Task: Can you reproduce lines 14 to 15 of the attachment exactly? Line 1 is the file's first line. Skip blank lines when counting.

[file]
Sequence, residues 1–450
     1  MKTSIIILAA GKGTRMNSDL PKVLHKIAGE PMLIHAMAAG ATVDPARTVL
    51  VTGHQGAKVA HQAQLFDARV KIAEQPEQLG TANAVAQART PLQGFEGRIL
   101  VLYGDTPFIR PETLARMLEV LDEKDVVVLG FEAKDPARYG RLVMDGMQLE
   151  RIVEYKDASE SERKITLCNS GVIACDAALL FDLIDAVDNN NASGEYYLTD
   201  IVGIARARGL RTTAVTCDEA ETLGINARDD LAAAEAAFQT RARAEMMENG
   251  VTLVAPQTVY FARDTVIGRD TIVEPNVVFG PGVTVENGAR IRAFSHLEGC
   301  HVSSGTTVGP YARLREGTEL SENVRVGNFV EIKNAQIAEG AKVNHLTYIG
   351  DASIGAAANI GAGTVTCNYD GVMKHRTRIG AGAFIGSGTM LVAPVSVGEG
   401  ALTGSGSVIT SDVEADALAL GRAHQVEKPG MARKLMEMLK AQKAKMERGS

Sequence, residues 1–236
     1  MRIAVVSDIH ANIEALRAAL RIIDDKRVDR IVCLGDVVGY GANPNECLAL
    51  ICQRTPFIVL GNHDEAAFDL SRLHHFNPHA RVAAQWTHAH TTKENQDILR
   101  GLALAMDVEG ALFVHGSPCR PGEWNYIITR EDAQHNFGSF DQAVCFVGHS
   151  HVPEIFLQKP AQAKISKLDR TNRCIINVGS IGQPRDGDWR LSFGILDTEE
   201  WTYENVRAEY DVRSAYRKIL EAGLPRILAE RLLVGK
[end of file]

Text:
   101  GLALAMDVEG ALFVHGSPCR PGEWNYIITR EDAQHNFGSF DQAVCFVGHS
   151  HVPEIFLQKP AQAKISKLDR TNRCIINVGS IGQPRDGDWR LSFGILDTEE